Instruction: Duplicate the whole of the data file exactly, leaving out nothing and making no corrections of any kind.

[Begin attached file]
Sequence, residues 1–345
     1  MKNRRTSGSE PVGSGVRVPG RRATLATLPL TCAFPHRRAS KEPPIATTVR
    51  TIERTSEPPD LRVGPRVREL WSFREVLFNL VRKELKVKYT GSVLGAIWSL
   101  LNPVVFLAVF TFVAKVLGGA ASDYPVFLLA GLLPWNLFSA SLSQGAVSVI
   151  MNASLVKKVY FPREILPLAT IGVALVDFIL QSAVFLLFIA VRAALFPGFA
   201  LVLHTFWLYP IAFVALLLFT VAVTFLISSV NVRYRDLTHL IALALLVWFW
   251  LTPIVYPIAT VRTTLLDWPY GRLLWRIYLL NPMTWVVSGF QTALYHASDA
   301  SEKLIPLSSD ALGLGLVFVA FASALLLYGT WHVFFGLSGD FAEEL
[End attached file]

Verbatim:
Sequence, residues 1–345
     1  MKNRRTSGSE PVGSGVRVPG RRATLATLPL TCAFPHRRAS KEPPIATTVR
    51  TIERTSEPPD LRVGPRVREL WSFREVLFNL VRKELKVKYT GSVLGAIWSL
   101  LNPVVFLAVF TFVAKVLGGA ASDYPVFLLA GLLPWNLFSA SLSQGAVSVI
   151  MNASLVKKVY FPREILPLAT IGVALVDFIL QSAVFLLFIA VRAALFPGFA
   201  LVLHTFWLYP IAFVALLLFT VAVTFLISSV NVRYRDLTHL IALALLVWFW
   251  LTPIVYPIAT VRTTLLDWPY GRLLWRIYLL NPMTWVVSGF QTALYHASDA
   301  SEKLIPLSSD ALGLGLVFVA FASALLLYGT WHVFFGLSGD FAEEL